December 19, 2010
Fuck you, Andy Carvin. You are a fucking idiot. Tron sucks. Admit it.
Andy Carvin is Senior Strategist at NPR. He wrote this article:
Don't bother clicking that link, I'm going to break down how stupid Andy's article is, paragraph by paragraph.
If you put a bunch of film critics in a room and ask what they think of the movie Tron: Legacy, you're likely to get a dismissive shrug. The film is already drawing mixed reviews. Just don't tell that to the tens of thousands of fans on Twitter eager to attend Friday's premiere.
Critics have seen the movie. The knuckleheads on twitter haven't.
Andy goes on to talk about the original Tron:
We obsessed over the video game version - so much so I remember a coder friend of mine spent an entire day with me and my nine-year-old brother programming a rudimentary version of the "light cycle" game from the movie on an IBM PC.
So what you're saying is, you, your brother, and some other kid spent a day messing around with a computer.
Other friends took a crack at making a Dungeons and Dragons-like roleplaying game out of Tron. (No need to mention I was a nerd; I've come to terms with that.) We spent weeks trying to come up with the rules for the game, albeit not very successfully.
All right, for one thing, I'm sick of people coming out as nerds. I saw Jennifer Love Hewitt come out on Letterman or something as a nerd. There's no shame in being a nerd anymore, people are proud of it. People who aren't nerds say they're nerds. It means nothing. I'll tell you what else. My friends and I worked on a roleplaying game for Gummi Bears. Yeah, that's right, the Disney Afternoon cartoon. Does that mean that Gummi Bears is underrated? No, it means we were teenagers with a lot of time on our hands, and they had already made roleplaying games for everything else we thought was cool.
We knew it wasn't a perfect film, but we loved its technological wizardry nonetheless. In that respect, Tron was the Avatar of its time.
I won't argue with you that Tron was a technological innovation. It was the first feature film to use computer generated imagery. I'll tell you what else was a technological innovation. The Jazz Singer, the first feature film to use sound. If you don't know why that's an unflattering comparison, do a google image search for "jazz singer." It's a bit extreme to compare Tron to The Jazz Singer, but my point is, technological innovation does not a good movie make.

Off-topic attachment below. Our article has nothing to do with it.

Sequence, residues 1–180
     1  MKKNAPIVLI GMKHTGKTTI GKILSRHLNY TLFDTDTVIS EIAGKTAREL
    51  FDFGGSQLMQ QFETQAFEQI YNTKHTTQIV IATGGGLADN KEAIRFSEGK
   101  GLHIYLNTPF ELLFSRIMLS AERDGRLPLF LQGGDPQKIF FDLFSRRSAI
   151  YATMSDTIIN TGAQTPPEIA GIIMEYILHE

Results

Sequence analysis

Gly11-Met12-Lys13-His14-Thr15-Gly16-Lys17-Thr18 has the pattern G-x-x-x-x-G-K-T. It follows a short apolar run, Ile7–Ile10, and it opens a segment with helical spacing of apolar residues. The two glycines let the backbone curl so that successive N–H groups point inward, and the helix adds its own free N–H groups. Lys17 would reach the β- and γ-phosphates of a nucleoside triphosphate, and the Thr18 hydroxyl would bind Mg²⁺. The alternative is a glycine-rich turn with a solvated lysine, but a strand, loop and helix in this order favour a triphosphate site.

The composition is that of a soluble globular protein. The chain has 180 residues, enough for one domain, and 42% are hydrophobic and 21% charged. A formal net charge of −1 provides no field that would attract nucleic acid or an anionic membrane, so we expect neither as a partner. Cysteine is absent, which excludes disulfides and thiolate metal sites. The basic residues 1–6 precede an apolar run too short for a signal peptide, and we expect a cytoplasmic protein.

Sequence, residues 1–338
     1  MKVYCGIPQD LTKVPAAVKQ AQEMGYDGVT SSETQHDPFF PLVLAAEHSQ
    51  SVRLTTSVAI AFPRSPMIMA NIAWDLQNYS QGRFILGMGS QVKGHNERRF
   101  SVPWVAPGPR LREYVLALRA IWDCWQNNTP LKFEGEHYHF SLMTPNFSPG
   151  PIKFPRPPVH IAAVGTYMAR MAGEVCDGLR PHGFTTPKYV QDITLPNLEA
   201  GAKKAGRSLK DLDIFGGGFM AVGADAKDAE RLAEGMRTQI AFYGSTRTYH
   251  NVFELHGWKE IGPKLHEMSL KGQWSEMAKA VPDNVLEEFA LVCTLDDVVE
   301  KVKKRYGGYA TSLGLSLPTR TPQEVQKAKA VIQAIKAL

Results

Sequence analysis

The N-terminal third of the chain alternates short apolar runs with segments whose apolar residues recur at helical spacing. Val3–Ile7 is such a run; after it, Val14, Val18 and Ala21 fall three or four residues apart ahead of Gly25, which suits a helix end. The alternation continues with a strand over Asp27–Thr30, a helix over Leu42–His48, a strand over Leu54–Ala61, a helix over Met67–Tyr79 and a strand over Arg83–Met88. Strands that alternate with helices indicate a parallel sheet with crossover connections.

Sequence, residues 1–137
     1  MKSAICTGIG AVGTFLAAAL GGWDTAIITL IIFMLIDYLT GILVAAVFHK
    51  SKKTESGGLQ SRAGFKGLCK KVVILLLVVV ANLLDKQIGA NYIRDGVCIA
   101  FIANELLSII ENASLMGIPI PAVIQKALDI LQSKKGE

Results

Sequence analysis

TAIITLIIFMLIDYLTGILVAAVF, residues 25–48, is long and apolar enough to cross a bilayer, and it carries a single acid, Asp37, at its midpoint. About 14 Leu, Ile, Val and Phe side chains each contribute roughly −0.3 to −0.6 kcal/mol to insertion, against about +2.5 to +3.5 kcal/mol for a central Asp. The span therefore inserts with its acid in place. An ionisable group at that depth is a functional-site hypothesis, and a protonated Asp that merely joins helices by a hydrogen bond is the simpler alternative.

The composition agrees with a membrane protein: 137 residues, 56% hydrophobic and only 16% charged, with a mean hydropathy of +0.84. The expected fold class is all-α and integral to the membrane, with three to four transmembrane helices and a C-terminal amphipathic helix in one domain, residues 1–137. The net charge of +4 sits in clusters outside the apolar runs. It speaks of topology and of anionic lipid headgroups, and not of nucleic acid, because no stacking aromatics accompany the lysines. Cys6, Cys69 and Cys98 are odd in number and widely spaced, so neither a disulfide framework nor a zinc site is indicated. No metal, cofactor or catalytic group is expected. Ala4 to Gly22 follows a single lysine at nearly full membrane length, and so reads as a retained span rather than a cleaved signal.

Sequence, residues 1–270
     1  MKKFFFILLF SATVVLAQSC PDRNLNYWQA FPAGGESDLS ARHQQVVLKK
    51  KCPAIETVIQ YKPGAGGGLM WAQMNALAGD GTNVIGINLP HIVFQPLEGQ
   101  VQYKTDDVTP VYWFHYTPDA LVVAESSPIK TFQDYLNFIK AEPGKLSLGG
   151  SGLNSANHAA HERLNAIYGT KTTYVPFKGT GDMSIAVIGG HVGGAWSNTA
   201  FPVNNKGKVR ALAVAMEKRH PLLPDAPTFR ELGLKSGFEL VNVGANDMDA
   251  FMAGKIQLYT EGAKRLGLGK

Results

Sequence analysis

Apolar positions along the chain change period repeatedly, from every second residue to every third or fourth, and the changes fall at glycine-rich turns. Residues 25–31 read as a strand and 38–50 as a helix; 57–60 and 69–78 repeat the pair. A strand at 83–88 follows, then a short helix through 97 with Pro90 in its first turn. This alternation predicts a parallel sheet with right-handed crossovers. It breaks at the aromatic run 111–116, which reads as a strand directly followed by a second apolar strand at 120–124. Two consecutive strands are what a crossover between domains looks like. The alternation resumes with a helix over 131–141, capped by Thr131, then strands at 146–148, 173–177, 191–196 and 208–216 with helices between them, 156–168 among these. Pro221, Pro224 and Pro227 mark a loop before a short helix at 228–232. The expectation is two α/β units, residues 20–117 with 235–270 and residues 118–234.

Now it's easy to dismiss the original Tron because of its meager box office draw when it came out in 1982.
He goes on to talk about how it was a box office disappointment. I'm going to go out on a limb and guess that it was savaged by critics as well.
But that doesn't mean it didn't leave a lasting legacy, as it were.
Yeah, they just made a movie out of Marmaduke. Marmaduke. Literally no one likes Marmaduke. I defy you to find me someone who likes Marmaduke. But Hollywood is so desperate for ideas right now, they'll salvage any old idea that the public has a vague recollection of, and Tron seemed like a reasonable candidate. That's why we have a Yogi Bear movie too.
He talks about Tron's wikipedia entry:
Tron, meanwhile, is 3,600 words long and has received over 1,700 edits... So despite the fact that critics are dismissive of Tron, its fans have lovingly documented it on Wikipedia with almost as much intensity as E.T.'s fans.
Check out how many edits Power Rangers has on wikipedia.
Now let's talk buzz for a moment. One would assume that a sequel to a "flop" would generate little enthusiasm among the public. If you look at Twitter, though, that hasn't been the case. Twitter has become a fairly accurate barometer of how people feel about a film.
Disney, one of the biggest entertainment corporations in the world, has spent the last three years promoting this movie. Of course it's popular on twitter. It's popular with people who haven't seen the movie yet, and probably haven't seen the original, because Disney has let the original Tron go out of print so people won't remember how bad it was.
So critics, bring on those reviews. We don't care if either Tron film is mediocre from your perspective.
This is the same kind logic used by people who like Transformers 2: Secret of the Ooze, or whatever it's called. "I don't care what critics think, I saw some stuff blow up, and it made like a bazillion dollars, so anyone who doesn't like it is an effete snob who only likes black and white French movies."
As pretty as Tron and Tron Legacy are, they're not good movies. I wish they were, but they're not. Stop pretending they are.
Posted by Will at December 19, 2010 6:44 AM
Posted by: elliot Jokelson at December 25, 2010 11:50 AM